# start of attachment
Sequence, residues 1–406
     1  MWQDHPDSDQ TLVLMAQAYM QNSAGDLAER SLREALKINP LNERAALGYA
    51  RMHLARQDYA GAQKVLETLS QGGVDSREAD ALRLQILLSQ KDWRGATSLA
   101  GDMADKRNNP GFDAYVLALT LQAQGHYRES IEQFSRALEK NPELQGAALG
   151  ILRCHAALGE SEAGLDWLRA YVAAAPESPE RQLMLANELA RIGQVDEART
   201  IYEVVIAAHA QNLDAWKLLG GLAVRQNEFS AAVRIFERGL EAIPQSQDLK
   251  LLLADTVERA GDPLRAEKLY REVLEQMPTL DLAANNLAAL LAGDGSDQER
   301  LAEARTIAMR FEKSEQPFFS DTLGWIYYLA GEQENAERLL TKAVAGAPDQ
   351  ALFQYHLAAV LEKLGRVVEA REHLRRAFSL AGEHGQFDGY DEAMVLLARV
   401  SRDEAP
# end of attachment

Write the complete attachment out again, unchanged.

Sequence, residues 1–406
     1  MWQDHPDSDQ TLVLMAQAYM QNSAGDLAER SLREALKINP LNERAALGYA
    51  RMHLARQDYA GAQKVLETLS QGGVDSREAD ALRLQILLSQ KDWRGATSLA
   101  GDMADKRNNP GFDAYVLALT LQAQGHYRES IEQFSRALEK NPELQGAALG
   151  ILRCHAALGE SEAGLDWLRA YVAAAPESPE RQLMLANELA RIGQVDEART
   201  IYEVVIAAHA QNLDAWKLLG GLAVRQNEFS AAVRIFERGL EAIPQSQDLK
   251  LLLADTVERA GDPLRAEKLY REVLEQMPTL DLAANNLAAL LAGDGSDQER
   301  LAEARTIAMR FEKSEQPFFS DTLGWIYYLA GEQENAERLL TKAVAGAPDQ
   351  ALFQYHLAAV LEKLGRVVEA REHLRRAFSL AGEHGQFDGY DEAMVLLARV
   401  SRDEAP